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Peas are the small spherical seeds or the pods of the legume Pisum sativum. Eaten fresh, frozen or canned, Peas are one of the most versatile and commonly used vegetables in the world.

Nutritional Information

  • Peas are a good source of vitamin A, vitamin C, folate, thiamine (B1), iron and phosphorus.
  • As pulses, they are rich in protein, carbohydrate and fibre and low in fat which is mostly of the unsaturated kind.
  • Half a cup of frozen peas has only 5% of the daily value for sodium. Foods low in sodium are good for your heart.
  • An 85 gram serving of peas, cooked, provides 50 calories, 4 grams of protein, 8 grams of carbohydrate (of which 3.5 grams are sugars), 3.8 grams of fibre, 17mg of vitamin C (28% of the recommended daily allowance) and 0.2mg Thiamine (B1) (15% of the recommended daily allowance).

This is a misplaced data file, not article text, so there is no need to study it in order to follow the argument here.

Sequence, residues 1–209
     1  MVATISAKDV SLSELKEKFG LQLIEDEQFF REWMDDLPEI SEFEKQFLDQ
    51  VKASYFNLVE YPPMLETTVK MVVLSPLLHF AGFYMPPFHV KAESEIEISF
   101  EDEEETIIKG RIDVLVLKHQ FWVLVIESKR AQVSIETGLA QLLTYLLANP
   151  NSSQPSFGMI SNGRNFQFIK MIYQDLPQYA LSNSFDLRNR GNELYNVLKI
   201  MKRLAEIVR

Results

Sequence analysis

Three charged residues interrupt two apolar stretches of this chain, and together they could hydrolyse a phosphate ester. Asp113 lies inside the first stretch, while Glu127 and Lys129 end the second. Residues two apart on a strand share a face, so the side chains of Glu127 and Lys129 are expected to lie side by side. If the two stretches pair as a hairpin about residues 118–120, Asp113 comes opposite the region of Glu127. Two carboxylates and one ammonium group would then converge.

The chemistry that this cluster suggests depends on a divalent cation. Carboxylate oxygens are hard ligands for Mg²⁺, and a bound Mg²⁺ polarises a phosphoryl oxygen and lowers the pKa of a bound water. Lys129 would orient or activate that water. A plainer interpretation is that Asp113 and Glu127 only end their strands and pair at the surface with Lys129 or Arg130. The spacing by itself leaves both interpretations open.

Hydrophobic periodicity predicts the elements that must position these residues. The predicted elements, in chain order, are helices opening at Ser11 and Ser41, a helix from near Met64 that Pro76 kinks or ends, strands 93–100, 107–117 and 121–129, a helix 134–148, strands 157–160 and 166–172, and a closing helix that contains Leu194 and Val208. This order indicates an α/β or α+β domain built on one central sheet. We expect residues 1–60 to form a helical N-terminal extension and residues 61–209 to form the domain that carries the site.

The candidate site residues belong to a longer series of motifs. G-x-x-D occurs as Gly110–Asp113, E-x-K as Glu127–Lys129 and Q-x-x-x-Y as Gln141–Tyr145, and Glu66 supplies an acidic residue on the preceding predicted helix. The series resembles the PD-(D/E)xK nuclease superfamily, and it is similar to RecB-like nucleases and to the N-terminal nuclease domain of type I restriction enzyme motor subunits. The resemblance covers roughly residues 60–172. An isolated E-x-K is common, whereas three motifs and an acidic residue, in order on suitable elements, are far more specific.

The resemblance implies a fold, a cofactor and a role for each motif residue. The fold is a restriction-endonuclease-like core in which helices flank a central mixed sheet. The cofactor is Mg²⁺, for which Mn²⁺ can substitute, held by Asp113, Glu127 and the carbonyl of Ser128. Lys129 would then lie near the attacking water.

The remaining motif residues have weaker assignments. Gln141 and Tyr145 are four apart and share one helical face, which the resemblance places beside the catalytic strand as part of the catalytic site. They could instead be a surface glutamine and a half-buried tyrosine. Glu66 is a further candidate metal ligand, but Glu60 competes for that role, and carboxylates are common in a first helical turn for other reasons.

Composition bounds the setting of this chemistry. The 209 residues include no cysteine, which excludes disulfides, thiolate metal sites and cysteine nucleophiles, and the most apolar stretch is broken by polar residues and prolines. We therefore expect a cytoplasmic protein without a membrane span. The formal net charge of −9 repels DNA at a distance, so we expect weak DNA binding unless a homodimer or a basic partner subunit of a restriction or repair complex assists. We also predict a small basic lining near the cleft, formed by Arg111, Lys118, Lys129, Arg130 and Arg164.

Did You Know?

  • Just one serving of freshly frozen garden peas and petits pois contains as much vitamin C as two large apples, more fibre than a slice of wholemeal bread and more thiamine than a pint of whole milk.
  • Peas are just about the most versatile vegetable in the world. They taste great in risotto, kedgeree, omelettes, pizzas, pastas, soups, salads, casseroles and curries.
  • There are 35,000 hectares of peas grown in the UK each year, equivalent to about 70,000 football pitches!
  • In the mid-1800s, Gregor Mendel's observations of pea pods led to the principles of Mendelian genetics, the foundation of modern genetics.

How To Cook Peas

  • The less water you use when cooking peas, the less vitamin C is lost. Steaming helps to conserve this vitamin.
  • When boiling frozen peas, add enough water to cover, bring to the boil and then cover and simmer for three minutes.